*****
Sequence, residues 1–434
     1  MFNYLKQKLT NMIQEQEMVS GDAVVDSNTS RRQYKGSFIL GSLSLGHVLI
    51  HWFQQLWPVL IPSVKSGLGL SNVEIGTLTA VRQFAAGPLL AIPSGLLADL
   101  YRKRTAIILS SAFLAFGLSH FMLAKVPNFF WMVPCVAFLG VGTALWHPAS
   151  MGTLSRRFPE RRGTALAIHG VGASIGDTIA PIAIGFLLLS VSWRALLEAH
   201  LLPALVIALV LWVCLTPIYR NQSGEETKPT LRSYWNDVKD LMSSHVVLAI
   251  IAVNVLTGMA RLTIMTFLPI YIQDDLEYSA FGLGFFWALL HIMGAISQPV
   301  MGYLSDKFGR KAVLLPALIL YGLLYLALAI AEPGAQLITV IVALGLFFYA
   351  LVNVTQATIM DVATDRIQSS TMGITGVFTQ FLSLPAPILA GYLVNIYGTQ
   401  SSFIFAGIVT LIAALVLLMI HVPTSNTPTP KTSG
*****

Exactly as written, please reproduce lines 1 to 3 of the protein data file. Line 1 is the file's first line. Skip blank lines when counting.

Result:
Sequence, residues 1–434
     1  MFNYLKQKLT NMIQEQEMVS GDAVVDSNTS RRQYKGSFIL GSLSLGHVLI
    51  HWFQQLWPVL IPSVKSGLGL SNVEIGTLTA VRQFAAGPLL AIPSGLLADL